Medically reviewed by Onikepe Adegbola, MD, PhD
Lisa Sanders published an article in the New York Times on GI illness. She mentioned the case of a healthy 77-year-old man who suddenly suffered from terrible diarrhea. The man almost lost 25 pounds. His doctors suspected several gastrointestinal (GI) illnesses before finding the true cause of his illness: a common blood pressure medication.
It was the story of a 77-year-old man who began to suffer from severe diarrhea that could not be treated with Pepto-Bismol or Imodium. Despite the treatment with the best medications, he was still waking up two to three times each night with diarrhea. Dr. Samrath Sokhey, the man’s primary care physician, prescribed a strong anti-diarrhea medication and sent him to the lab for testing.
Why Did This Continue to Happen?
The doctor was unable to find the root cause of diarrhea. Dr. Sokhey ordered additional tests and referred the man to a gastroenterologist.
A specialist treating GI ordered even more tests. But before they received the results, Dr. Sokhey was concerned after noticing the man’s weight and renal function. It had changed significantly. Therefore, he decided to admit the man to the emergency room.
There were no signs of parasites or Clostridioides difficile, a bacterium that can cause life-threatening diarrhea. The doctors also noticed that this patient did not have Crohn’s disease or ulcerative colitis. The man underwent colonoscopy, which confirmed that he did not have any inflammatory disorder.
Even though the man showed some symptoms of celiac disease in his small intestine, the blood tests ultimately ruled out this prediction. Additionally, there was no sign of a tumor on CT scans. A few days later, they discharged him without any diagnosis. However, his diarrhea had improved for some unknown reason. But how? How did it improve without medication?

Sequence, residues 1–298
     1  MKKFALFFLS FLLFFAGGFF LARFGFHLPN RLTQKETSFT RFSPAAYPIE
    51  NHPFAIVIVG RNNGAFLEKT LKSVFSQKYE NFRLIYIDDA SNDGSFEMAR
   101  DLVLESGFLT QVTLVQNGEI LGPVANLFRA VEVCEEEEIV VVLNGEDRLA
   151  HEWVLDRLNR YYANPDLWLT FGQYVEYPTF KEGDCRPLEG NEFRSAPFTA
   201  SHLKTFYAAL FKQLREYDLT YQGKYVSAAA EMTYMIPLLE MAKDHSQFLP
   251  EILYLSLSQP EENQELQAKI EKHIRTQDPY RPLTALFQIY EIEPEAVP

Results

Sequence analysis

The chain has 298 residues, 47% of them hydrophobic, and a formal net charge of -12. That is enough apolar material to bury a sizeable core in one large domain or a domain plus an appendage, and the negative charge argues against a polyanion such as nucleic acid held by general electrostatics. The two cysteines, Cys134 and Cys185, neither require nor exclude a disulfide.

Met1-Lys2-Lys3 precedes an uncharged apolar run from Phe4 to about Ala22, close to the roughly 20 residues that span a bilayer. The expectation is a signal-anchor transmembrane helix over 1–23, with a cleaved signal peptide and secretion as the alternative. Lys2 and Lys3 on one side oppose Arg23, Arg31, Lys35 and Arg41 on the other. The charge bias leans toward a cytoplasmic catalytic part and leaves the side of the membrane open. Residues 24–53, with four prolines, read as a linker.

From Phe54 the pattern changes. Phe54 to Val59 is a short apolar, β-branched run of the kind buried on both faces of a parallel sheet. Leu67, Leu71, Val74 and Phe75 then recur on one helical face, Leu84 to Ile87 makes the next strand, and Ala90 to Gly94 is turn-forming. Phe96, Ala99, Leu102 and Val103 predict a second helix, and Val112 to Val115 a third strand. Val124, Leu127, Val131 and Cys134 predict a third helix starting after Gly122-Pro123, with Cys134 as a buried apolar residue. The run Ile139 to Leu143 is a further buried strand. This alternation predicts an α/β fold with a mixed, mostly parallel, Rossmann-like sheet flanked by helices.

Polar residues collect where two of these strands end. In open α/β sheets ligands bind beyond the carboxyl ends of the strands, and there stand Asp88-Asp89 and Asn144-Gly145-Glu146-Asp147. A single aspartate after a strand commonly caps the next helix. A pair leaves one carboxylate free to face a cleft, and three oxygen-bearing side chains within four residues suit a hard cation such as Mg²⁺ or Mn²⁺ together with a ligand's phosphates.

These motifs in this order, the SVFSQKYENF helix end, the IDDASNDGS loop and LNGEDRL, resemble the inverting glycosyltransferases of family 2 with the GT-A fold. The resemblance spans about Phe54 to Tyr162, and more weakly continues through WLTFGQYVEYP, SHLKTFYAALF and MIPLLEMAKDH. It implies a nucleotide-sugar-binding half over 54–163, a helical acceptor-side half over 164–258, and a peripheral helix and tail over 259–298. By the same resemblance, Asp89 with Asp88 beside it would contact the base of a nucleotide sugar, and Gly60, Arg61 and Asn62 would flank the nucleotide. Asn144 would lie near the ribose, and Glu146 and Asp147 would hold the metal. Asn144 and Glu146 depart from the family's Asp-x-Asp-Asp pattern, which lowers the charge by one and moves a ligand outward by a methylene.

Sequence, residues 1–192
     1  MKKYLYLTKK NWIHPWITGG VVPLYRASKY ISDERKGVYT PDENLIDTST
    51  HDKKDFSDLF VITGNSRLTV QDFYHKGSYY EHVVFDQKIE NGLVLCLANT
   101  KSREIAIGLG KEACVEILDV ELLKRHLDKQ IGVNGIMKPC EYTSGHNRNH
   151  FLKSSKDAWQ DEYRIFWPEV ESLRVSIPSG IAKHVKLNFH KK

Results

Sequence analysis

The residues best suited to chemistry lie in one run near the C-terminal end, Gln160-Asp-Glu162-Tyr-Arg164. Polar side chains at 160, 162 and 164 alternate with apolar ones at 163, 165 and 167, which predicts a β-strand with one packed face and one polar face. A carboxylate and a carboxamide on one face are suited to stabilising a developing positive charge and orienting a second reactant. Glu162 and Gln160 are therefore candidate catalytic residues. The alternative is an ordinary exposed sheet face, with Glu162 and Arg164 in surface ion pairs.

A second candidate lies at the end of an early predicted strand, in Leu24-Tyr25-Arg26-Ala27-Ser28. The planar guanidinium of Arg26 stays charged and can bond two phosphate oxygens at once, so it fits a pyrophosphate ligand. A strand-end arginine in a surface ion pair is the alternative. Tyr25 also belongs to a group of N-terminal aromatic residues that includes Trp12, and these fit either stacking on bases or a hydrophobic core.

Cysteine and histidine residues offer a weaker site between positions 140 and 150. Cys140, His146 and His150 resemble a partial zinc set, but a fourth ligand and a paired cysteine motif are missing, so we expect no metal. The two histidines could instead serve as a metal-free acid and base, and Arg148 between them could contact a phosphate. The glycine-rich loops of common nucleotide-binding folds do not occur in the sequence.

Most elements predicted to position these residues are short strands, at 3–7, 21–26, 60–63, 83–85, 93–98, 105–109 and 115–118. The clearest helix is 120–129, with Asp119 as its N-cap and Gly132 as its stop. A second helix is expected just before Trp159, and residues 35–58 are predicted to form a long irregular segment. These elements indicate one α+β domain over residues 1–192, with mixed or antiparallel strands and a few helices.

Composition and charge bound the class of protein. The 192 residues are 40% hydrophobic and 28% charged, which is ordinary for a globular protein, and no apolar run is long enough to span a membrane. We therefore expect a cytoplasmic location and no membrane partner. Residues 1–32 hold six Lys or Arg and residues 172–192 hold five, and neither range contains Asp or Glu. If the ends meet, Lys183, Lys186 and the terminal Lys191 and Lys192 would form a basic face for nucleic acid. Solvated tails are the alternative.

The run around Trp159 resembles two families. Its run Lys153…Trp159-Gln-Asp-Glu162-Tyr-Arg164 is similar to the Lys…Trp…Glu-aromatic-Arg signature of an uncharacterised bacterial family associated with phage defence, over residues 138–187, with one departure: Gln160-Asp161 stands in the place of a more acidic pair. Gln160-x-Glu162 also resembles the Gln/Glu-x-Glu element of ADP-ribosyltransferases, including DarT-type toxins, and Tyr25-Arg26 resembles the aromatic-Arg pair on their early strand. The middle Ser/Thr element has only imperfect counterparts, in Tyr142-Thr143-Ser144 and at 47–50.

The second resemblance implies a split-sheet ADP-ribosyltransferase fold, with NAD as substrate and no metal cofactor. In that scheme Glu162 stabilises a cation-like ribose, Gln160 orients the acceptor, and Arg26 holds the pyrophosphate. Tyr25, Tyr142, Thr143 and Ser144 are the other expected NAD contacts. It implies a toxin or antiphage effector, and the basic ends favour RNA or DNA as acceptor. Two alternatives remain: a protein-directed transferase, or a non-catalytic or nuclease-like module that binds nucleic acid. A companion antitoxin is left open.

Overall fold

There was only one abnormal finding in the patient’s tests: low levels of elastase, a digestive protein. When elastase levels are low in the small intestine, fats and proteins pass through intact and unabsorbed. Uncertain why the man’s elastase levels were abnormal, Sokhey referred him to Tarek Sawas. Sawas was a gastroenterologist at the University of Texas Southwestern.
Before his symptoms, the patient only had high blood pressure. He used to take a combination medication called amlodipine-olmesartan to control it.
When diarrhea occurs shortly after eating, it is often the result of an exaggerated colonic function. Hence, waking up at night due to an upset stomach was an unusual thing in this case. Similarly, the possibility of having IBD (irritable bowel disease) was also ruled out since IBD rarely causes symptoms during sleep.
Dr. Sawas noticed two abnormal laboratory results. One was the patient’s inflammation in his intestines and the other was low levels of elastase.
They no longer had diarrhea or celiac-like anomalies in their GI tracts once they stopped taking the medication.
Ultimate solution: Discontinuing Medication
Suddenly, everything made sense when the man explained that his blood pressure medication contained Olmesartan. Mayo Clinic published a report 10 years ago regarding the patients who suffered from chronic diarrhea due to Olmesartan.
Patients in the ED saw significant improvement after their doctors stopped giving them blood pressure medication. As soon as they started taking their dose of Olmesartan again, their diarrhea got worse.
The underlying cause for this type of reaction is unknown, but it is the kind of information physicians often refer to as a “clinical pearl.” This means free-standing, clinically relevant data based on experience.
Doctors noticed that the patient’s diarrhea stopped completely after discontinuing the medication. He started feeling better the following week. He even started riding his bike.
It is important to diagnose the root cause before implementing any treatment. This incident suggests strategies for minimizing delays associated with ancillary testing. A clear picture of how to eliminate unnecessary tests and maximize patient wait times.
Person. (2022, April 21). This man’s ‘unrelenting’ gi distress stumped doctors-until one found a ‘clinical pearl’. Advisory Board. Retrieved May 3, 2022, from https://www.advisory.com/daily-briefing/2022/04/21/medical-mystery